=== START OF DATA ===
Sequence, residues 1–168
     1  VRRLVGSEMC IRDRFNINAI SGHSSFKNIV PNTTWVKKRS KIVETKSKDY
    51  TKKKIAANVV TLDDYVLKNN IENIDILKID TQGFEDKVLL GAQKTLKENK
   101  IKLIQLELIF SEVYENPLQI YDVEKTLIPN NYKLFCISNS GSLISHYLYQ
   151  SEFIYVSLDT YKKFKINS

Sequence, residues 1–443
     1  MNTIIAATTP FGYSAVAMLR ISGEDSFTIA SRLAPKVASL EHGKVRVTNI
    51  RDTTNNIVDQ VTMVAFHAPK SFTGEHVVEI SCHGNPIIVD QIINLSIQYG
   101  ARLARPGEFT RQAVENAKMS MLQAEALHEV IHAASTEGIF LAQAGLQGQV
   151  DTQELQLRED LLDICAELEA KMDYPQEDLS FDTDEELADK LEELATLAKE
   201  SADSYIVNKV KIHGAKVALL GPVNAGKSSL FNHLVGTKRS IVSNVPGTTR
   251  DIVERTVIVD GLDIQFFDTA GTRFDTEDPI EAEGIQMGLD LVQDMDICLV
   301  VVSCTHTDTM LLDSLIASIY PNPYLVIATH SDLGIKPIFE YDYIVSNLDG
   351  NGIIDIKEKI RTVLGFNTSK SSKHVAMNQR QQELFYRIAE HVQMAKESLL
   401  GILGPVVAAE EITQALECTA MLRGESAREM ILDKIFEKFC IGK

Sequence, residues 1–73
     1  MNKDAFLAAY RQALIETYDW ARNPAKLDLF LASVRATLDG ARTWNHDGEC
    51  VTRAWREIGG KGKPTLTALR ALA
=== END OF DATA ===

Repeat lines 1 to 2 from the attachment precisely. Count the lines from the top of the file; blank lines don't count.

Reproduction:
Sequence, residues 1–168
     1  VRRLVGSEMC IRDRFNINAI SGHSSFKNIV PNTTWVKKRS KIVETKSKDY